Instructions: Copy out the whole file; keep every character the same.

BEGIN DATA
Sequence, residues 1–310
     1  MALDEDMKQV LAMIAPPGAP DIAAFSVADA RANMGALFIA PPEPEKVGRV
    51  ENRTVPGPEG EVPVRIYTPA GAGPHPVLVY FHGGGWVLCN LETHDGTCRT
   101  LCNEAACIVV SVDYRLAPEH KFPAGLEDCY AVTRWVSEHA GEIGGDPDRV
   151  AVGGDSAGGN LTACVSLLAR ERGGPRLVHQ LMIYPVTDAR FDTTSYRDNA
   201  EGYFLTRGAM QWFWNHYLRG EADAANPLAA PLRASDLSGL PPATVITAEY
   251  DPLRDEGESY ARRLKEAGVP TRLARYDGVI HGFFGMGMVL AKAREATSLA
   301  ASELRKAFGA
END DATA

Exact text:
Sequence, residues 1–310
     1  MALDEDMKQV LAMIAPPGAP DIAAFSVADA RANMGALFIA PPEPEKVGRV
    51  ENRTVPGPEG EVPVRIYTPA GAGPHPVLVY FHGGGWVLCN LETHDGTCRT
   101  LCNEAACIVV SVDYRLAPEH KFPAGLEDCY AVTRWVSEHA GEIGGDPDRV
   151  AVGGDSAGGN LTACVSLLAR ERGGPRLVHQ LMIYPVTDAR FDTTSYRDNA
   201  EGYFLTRGAM QWFWNHYLRG EADAANPLAA PLRASDLSGL PPATVITAEY
   251  DPLRDEGESY ARRLKEAGVP TRLARYDGVI HGFFGMGMVL AKAREATSLA
   301  ASELRKAFGA